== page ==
This is an archived article that was published on sltrib.com in 2016, and information in the article may be outdated. It is provided only for personal research purposes and may not be reprinted.
Let's add another twist to the bizarre nature of the 2016 presidential campaign.
It's not enough that a socialist could lead the Democratic ticket this year and a Democrat could possibly win Utah if Donald Trump is the nominee, and the Republican establishment vows to take down Trump at the GOP convention, which they hope becomes a free-for-all.
On top of all that, Mormons seem to be flocking to evangelical Christian darling Ted Cruz, even though his religious roots are tied to an ecclesiastical strain that hopes to one day have dominion over them.
In fact, those faithful members of The Church of Jesus Christ of Latter-day Saints who hold on to the so-called White Horse prophecy, in which an LDS Church leader will ride in on a white horse and save the Constitution when it's hanging by a thread, have gotten it wrong, according to the "dominionist" thread of the Evangelical Christian movement.
It is one of them the evangelicals, who will mount the proverbial white horse to save the day. And the savior of the moment would be Ted Cruz.
That should be a shock to all those passionate soldiers of the Mitt Romney for President campaign four years ago who believed that he finally was the Mormon who would be elected to the presidency and save the Constitution.
Could it actually be one of those fundamental Christians, who from time to time have preached from the pulpit or the all-mighty throne of talk radio that Mormons are not real Christians, that their notion of the Godhead is all mixed up and they aren't conservative enough?
After all, the LDS Church's official position on abortion is that it is against it, except in severe cases, like if the mother is impregnated through rape or incest, or if her life is in danger from the pregnancy.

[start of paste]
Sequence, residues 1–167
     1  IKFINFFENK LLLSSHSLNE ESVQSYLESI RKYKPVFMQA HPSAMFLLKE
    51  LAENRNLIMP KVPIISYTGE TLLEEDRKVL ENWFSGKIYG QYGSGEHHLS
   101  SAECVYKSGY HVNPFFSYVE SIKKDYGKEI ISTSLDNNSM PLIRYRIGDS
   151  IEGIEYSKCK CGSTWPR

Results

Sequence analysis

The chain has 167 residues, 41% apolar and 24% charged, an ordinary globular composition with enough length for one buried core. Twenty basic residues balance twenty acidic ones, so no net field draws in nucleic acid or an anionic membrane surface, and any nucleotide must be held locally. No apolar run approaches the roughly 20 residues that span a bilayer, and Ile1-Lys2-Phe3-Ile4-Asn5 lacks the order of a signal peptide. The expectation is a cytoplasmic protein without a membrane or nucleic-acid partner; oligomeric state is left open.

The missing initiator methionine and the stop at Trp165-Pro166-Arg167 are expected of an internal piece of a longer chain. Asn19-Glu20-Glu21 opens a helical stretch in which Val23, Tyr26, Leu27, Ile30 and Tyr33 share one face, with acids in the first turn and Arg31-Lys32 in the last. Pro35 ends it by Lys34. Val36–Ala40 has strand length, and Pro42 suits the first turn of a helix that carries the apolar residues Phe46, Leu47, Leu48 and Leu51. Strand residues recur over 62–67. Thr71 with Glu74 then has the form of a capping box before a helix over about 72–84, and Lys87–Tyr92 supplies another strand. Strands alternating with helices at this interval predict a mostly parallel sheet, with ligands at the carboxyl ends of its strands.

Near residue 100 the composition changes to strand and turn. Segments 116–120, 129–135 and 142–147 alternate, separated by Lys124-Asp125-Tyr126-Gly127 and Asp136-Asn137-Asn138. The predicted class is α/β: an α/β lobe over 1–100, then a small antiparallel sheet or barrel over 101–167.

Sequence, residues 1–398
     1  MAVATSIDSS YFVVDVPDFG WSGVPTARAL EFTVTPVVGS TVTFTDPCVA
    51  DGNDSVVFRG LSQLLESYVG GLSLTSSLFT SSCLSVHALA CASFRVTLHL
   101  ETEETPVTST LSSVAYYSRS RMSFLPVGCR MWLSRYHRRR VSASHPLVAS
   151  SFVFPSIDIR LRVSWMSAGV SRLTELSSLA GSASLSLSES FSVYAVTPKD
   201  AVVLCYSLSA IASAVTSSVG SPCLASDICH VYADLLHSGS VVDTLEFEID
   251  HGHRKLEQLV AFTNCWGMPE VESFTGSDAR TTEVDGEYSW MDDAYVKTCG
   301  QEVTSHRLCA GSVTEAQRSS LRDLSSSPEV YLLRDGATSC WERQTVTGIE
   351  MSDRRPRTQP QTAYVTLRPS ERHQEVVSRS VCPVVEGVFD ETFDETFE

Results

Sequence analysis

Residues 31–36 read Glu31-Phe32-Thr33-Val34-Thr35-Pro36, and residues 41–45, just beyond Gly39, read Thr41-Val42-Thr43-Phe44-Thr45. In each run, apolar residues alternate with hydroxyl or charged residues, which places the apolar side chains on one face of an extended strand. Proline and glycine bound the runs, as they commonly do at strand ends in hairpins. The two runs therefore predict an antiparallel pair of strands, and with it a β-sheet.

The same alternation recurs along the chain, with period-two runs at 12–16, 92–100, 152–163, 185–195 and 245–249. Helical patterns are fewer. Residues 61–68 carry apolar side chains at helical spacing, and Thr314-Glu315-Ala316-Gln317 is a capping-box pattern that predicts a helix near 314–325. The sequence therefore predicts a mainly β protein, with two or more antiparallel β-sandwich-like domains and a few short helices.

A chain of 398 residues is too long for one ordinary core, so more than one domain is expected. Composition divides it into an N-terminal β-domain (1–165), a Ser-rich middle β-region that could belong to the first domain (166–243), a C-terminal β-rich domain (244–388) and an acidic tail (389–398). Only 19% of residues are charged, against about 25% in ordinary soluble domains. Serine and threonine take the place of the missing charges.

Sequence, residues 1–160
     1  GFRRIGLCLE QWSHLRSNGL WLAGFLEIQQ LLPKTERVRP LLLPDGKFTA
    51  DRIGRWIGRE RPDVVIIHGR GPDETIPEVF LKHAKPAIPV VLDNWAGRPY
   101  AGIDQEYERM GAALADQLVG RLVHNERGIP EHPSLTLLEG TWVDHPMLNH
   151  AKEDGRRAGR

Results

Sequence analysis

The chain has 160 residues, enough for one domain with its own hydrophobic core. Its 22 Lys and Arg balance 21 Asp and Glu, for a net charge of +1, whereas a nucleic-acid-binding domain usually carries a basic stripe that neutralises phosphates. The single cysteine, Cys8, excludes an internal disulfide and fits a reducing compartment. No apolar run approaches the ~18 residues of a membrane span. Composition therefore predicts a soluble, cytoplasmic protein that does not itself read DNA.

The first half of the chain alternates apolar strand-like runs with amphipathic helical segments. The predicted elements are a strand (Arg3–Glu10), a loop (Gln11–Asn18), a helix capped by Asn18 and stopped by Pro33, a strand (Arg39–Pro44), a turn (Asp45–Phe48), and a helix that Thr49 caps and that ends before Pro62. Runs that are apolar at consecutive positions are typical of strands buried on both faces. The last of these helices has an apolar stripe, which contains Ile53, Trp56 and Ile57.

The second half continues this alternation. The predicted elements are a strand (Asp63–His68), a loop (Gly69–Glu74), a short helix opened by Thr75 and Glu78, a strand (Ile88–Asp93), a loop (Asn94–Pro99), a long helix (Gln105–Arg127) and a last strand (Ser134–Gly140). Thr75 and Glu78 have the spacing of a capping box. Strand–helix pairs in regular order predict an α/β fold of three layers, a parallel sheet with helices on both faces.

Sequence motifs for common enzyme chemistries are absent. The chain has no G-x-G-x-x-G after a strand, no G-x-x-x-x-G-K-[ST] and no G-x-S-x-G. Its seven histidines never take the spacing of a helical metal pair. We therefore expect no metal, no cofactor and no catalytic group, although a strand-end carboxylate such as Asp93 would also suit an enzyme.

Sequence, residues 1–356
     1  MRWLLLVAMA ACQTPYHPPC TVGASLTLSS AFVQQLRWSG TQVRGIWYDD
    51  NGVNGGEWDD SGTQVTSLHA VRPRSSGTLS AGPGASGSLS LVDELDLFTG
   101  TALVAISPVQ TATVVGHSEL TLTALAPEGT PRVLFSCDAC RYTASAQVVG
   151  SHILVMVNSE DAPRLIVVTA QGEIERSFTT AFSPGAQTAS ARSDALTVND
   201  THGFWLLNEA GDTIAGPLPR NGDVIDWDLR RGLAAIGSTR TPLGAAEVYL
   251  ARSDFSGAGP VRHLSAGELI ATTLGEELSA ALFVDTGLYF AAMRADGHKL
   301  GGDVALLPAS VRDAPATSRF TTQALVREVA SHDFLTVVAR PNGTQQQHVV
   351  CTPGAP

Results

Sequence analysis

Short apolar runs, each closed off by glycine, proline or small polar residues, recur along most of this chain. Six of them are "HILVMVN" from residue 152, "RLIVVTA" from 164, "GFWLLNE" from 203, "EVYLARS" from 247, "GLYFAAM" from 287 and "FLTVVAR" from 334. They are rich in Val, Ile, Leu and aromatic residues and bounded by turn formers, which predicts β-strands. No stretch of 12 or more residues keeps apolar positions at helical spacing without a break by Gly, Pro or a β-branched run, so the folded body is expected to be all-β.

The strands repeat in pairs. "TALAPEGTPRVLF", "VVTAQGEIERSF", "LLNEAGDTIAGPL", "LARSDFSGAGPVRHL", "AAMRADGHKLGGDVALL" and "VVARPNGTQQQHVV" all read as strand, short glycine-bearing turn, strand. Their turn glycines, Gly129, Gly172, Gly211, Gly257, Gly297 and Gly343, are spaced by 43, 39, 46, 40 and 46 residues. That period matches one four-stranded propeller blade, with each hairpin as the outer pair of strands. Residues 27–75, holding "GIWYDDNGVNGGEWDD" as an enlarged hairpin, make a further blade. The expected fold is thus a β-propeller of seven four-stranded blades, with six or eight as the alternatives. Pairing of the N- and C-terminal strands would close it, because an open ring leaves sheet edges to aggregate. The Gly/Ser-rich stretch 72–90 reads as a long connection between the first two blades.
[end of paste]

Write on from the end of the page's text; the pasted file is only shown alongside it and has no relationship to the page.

That's blasphemy, according to the fundamental Christian orthodoxy, and by Cruz's own rhetoric, that abortion is murder no matter what the circumstance and should be banned altogether.
And on the same day that LDS Church leaders held a press conference last year giving the church's blessing to a Utah nondiscrimination bill that protects gays and lesbians from employment and housing discrimination, Rafael Cruz, the candidate's father, said in a conference call with Christian minister and conservative political commentator E.W. Jackson that such protections for gays and lesbians were "wicked" and that good Christians must stand against "all the ungodliness that is being promoted throughout our government."
Rafael Cruz has his own ministry and has stumped around the country for his son, who he has said has been "anointed" to be the leader.
In fact, at a political event in Nashville last December, Ted Cruz praised Pastor Gaylon Wiley, who he said brought his father Rafael to Christianity and saved his family. Wiley then joined Cruz at the front of the room, laid his hands on his head and "anointed" him.
Several stories in various religious news services have traced many of the Evangelicals embracing Cruz to a theory in Christianity called Dominionism, which teaches Christians must take dominion over seven aspects of culture: family, religion, education, media, entertainment, business and government. The name of the movement comes from Isaiah 2:2: "Now it shall come to pass in the latter days that the Lord's house shall be established on the top of the mountains."
He said God would anoint Christian "kings" to preside over an "end-time transfer of wealth" from the wicked to the righteous.
So where do Mormons fit into this scenario? Will they be kings or have their wealth transferred to the righteous?
And Cruz won overwhelmingly in the Utah Republican caucuses in March.
They all might want to pay heed to that old adage: "Be careful what you wish for."